SUPPOSE in Classic Quotes

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Quotes from Northanger Abbey by Jane Austen
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 Current Search - suppose in Northanger Abbey
1  I cannot suppose your brother cares so very much about me.
Northanger Abbey By Jane Austen
Get Context   In CHAPTER 18
2  No one who had ever seen Catherine Morland in her infancy would have supposed her born to be an heroine.
Northanger Abbey By Jane Austen
Get Context   In CHAPTER 1
3  When the hour of departure drew near, the maternal anxiety of Mrs. Morland will be naturally supposed to be most severe.
Northanger Abbey By Jane Austen
Get Context   In CHAPTER 2
4  You feel, I suppose, that in losing Isabella, you lose half yourself: you feel a void in your heart which nothing else can occupy.
Northanger Abbey By Jane Austen
Get Context   In CHAPTER 25
5  Moreover, I have too good an opinion of Miss Thorpe's prudence to suppose that she would part with one gentleman before the other was secured.
Northanger Abbey By Jane Austen
Get Context   In CHAPTER 25
6  We have been exactly an hour coming from Pulteney Street, very little more than seven miles; and, I suppose, we have at least eight more to go.
Northanger Abbey By Jane Austen
Get Context   In CHAPTER 11
7  His unlooked-for return was enough in itself to make Catherine's heart sink, and for a few moments she hardly supposed there were anything worse to be told.
Northanger Abbey By Jane Austen
Get Context   In CHAPTER 28
8  In marriage, the man is supposed to provide for the support of the woman, the woman to make the home agreeable to the man; he is to purvey, and she is to smile.
Northanger Abbey By Jane Austen
Get Context   In CHAPTER 10
9  His pleasing manners and good sense were self-evident recommendations; and having never heard evil of him, it was not their way to suppose any evil could be told.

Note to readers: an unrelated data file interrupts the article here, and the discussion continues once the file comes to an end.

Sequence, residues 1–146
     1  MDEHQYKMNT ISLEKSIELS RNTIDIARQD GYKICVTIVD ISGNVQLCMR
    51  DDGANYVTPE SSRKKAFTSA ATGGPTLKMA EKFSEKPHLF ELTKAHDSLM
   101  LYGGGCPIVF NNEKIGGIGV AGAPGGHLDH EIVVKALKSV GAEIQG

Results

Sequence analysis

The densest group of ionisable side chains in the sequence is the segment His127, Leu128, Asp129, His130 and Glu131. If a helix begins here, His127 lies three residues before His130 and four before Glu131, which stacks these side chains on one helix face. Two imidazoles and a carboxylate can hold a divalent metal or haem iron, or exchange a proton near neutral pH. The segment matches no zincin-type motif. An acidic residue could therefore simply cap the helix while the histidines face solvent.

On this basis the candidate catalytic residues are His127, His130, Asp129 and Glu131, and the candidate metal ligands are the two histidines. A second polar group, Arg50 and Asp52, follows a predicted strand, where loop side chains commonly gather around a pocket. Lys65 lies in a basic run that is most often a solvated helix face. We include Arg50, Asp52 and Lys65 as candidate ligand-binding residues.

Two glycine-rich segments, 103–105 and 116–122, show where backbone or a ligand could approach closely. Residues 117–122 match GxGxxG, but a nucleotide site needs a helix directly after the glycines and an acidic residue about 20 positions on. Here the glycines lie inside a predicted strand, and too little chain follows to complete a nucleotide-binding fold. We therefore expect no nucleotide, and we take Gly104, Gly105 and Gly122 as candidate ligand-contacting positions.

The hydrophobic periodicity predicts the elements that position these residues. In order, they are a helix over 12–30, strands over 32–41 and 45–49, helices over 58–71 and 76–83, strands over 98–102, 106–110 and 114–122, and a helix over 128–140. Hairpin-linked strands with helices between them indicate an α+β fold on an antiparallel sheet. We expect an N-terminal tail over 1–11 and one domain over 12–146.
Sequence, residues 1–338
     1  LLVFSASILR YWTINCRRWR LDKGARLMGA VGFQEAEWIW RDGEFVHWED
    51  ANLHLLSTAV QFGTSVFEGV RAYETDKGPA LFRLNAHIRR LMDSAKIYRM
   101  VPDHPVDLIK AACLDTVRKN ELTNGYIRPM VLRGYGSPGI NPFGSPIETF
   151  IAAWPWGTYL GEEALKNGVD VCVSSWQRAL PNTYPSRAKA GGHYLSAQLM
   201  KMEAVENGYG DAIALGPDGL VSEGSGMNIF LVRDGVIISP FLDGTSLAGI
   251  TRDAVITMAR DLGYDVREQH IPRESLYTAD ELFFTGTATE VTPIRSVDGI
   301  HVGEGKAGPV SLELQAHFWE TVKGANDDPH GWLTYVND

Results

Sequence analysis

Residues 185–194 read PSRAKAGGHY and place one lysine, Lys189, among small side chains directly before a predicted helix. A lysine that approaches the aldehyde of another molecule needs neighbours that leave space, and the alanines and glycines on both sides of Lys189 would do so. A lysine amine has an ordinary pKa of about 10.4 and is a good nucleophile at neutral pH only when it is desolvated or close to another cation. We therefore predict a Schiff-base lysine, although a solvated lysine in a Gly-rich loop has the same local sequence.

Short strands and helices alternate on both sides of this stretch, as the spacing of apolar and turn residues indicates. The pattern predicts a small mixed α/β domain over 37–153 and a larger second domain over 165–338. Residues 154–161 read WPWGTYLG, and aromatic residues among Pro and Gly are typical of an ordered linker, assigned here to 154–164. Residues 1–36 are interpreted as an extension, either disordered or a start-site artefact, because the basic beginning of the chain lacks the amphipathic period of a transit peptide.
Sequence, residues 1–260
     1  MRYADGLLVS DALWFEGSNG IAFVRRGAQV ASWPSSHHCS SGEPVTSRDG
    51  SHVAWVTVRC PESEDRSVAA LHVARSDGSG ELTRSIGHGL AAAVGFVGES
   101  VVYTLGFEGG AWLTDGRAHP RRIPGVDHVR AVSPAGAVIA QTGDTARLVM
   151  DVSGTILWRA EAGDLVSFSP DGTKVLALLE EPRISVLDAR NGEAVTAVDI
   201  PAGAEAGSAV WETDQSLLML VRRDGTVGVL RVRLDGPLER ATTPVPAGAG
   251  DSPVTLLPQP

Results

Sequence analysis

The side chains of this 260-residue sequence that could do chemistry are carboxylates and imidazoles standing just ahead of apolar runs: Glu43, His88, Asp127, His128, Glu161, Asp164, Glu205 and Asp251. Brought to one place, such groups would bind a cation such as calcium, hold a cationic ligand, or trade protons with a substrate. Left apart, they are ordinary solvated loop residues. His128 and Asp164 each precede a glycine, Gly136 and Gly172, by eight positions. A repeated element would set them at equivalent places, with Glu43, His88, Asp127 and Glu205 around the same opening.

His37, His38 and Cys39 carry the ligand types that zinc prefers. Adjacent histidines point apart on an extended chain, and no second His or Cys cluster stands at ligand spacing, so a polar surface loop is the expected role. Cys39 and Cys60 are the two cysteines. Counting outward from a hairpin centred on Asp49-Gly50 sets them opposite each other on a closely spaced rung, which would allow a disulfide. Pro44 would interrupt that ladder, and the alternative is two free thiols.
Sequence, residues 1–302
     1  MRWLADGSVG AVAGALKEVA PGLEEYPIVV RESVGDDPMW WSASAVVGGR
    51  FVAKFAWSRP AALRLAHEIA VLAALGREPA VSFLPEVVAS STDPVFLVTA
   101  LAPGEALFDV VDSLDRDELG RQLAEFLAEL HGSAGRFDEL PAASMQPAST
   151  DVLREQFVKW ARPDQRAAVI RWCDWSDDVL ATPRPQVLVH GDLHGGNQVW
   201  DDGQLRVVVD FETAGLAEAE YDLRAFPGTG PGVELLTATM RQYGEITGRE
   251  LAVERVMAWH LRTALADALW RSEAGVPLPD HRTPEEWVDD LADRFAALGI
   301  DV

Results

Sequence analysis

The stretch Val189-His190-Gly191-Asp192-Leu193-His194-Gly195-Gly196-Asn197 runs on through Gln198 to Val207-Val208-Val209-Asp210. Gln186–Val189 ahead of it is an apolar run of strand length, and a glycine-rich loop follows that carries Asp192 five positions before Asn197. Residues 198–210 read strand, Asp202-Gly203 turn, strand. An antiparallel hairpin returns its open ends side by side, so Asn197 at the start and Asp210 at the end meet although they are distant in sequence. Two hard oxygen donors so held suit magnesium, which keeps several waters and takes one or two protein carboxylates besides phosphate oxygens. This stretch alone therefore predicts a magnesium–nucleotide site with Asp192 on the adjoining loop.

Northanger Abbey By Jane Austen
Get Context   In CHAPTER 31
10  Till midnight, she supposed it would be in vain to watch; but then, when the clock had struck twelve, and all was quiet, she would, if not quite appalled by darkness, steal out and look once more.
Northanger Abbey By Jane Austen
Get Context   In CHAPTER 23
11  To raise your spirits, moreover, she gives you reason to suppose that the part of the abbey you inhabit is undoubtedly haunted, and informs you that you will not have a single domestic within call.
Northanger Abbey By Jane Austen
Get Context   In CHAPTER 20
12  She was not deceived in her own expectation of pleasure; the comedy so well suspended her care that no one, observing her during the first four acts, would have supposed she had any wretchedness about her.
Northanger Abbey By Jane Austen
Get Context   In CHAPTER 12
13  She looked at him with great admiration, and even supposed it possible that some people might think him handsomer than his brother, though, in her eyes, his air was more assuming, and his countenance less prepossessing.
Northanger Abbey By Jane Austen
Get Context   In CHAPTER 16
14  Eleanor had wished to spare her from so painful a notion, but Catherine could not believe it possible that any injury or any misfortune could provoke such ill will against a person not connected, or, at least, not supposed to be connected with it.
Northanger Abbey By Jane Austen
Get Context   In CHAPTER 28
15  She now plainly saw that she must not expect a manuscript of equal length with the generality of what she had shuddered over in books, for the roll, seeming to consist entirely of small disjointed sheets, was altogether but of trifling size, and much less than she had supposed it to be at first.
Northanger Abbey By Jane Austen
Get Context   In CHAPTER 22
16  And Eleanor, with a command of countenance which did honour to her concern for his character, taking an early occasion of saying to her, "My father only wanted me to answer a note," she began to hope that she had either been unseen by the general, or that from some consideration of policy she should be allowed to suppose herself so.
Northanger Abbey By Jane Austen
Get Context   In CHAPTER 24
17  Henry's astonishing generosity and nobleness of conduct, in never alluding in the slightest way to what had passed, was of the greatest assistance to her; and sooner than she could have supposed it possible in the beginning of her distress, her spirits became absolutely comfortable, and capable, as heretofore, of continual improvement by anything he said.
Northanger Abbey By Jane Austen
Get Context   In CHAPTER 25
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